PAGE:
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Little Earthquakes


The Big One still has not hit California. It’s the earthquake we’re all waiting for. It’ll be at least an 8.0 on the Richter scale. I wish it was chisme, but I can tell you we believe it. Some say it’ll be so strong that we’ll fall into the ocean. But it hasn’t happened. 

Sometimes, I catch myself wondering if that roll I felt under my feet is the beginning of the end. I look up from my computer and notice how my fear nearly wishes the Big One into life. I go back to writing, that other job that doesn’t end. I hope the Big One is a lie—a way to scare ourselves into being ready for the worst. Maybe the worst has already happened. I can’t tell you what that is yet. 


Back Then 

The Earth cracks. Windows rattle and dishes crash on the floor. Amá, two little brothers, and I hide under our kitchen table. The dark green linoleum rumbles so hard Amá holds the table legs so it won’t move away. I picture tall sheets of glass falling at the company where Dad works as he and his coworkers run for cover. If I keep my hands on the floor, I’ll be ready for the aftershocks. They won’t surprise me. I promise God that if we live through this, I’ll be good and obey Amá no matter what. 

Amá’s best friend knows everything. Doña Marta says Nostradamus predicted that we’d have the Big One any day now. After we clean up broken dishes and Dad calls to say he is okay, we walk to her house a block away so we won’t be alone. 

“No te preocupes,” Doña Marta says. She sees my crumpled face because I’m going to cry like a baby. “We’ll be ready. California won’t sink into the ocean.”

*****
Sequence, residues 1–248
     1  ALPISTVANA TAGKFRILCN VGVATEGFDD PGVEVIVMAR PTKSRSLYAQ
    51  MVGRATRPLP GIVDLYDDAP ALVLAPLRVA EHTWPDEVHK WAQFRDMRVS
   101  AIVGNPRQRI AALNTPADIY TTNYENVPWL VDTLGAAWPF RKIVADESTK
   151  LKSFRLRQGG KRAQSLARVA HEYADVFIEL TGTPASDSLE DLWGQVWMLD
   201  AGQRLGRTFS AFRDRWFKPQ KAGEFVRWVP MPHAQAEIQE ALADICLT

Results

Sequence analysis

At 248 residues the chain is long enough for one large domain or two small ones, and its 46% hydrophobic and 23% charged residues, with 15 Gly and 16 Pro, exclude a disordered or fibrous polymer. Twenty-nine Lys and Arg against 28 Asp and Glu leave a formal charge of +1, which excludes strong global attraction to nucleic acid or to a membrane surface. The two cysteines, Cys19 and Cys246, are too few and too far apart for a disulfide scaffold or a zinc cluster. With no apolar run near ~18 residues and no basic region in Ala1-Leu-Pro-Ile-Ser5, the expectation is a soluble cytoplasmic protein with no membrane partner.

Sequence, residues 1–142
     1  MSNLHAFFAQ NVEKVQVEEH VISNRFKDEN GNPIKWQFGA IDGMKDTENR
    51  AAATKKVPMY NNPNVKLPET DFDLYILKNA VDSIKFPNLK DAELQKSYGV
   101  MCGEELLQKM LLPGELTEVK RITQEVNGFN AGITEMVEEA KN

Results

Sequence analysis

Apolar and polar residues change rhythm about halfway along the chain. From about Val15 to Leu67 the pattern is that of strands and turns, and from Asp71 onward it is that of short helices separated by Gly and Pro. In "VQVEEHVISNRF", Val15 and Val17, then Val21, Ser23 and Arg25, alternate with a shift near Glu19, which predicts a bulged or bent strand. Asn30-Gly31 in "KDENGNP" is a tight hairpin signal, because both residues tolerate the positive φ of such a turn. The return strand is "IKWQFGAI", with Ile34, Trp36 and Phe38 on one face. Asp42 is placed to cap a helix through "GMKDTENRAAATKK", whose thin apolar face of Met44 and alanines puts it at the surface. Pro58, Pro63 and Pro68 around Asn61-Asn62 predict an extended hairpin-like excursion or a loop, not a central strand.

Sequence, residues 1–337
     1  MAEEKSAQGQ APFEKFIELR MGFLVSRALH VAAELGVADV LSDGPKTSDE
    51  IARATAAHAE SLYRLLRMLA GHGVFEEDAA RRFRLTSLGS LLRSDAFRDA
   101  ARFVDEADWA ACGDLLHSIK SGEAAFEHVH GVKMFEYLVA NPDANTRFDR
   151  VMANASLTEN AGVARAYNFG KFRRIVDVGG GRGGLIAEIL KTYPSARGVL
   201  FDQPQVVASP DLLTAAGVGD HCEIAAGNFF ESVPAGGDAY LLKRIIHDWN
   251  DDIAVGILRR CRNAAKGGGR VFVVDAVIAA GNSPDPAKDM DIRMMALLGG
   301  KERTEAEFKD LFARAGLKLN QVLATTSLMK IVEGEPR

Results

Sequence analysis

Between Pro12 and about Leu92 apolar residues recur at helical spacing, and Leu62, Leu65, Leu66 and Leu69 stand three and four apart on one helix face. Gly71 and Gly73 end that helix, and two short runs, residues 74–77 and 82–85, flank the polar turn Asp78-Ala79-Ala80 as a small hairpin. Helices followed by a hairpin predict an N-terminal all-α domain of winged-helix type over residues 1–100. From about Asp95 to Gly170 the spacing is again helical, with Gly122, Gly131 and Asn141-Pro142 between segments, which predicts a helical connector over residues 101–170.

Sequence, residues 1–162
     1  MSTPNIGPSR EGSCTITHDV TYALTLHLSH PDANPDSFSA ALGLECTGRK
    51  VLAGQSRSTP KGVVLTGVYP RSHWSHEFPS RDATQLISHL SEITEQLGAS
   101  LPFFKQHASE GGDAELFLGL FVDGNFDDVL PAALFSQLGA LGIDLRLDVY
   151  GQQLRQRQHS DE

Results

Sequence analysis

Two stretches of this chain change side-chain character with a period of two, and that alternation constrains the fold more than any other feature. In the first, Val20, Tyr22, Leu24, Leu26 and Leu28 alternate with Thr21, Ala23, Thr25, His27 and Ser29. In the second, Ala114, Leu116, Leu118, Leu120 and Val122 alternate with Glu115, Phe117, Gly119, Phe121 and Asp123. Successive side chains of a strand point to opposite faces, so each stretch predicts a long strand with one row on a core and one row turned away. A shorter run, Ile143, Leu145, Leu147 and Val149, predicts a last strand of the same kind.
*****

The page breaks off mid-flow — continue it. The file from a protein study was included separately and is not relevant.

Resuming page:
The ocean? That makes my panza twist. The earthquake won’t be the worst part. Our town is so crowded; everyone’s tiny houses and little yards are right next to each other, so many beds shoved into one bedroom, two bunk beds and a queen. I can see the end: us standing on our wobbly house, my brothers and Amá, Dad at work, and me watching the ocean swallow the other houses, the water inching closer. 

 For two weeks after the Whittier Narrows earthquake, I sit at the living room window and listen. Doña Marta says there is a sound, a zumbido outside, when an earthquake is coming. I hear it. I ignore the noise cars make on the freeway nearby. The zumbido buzzes like a big light bulb someone forgot to turn off. I wonder when we’ll be crushed. Doña Marta didn’t say. I bite my nails and sit on the red plastic couch and watch TV. I can’t lean out the window because then I’d be leaning into the alley.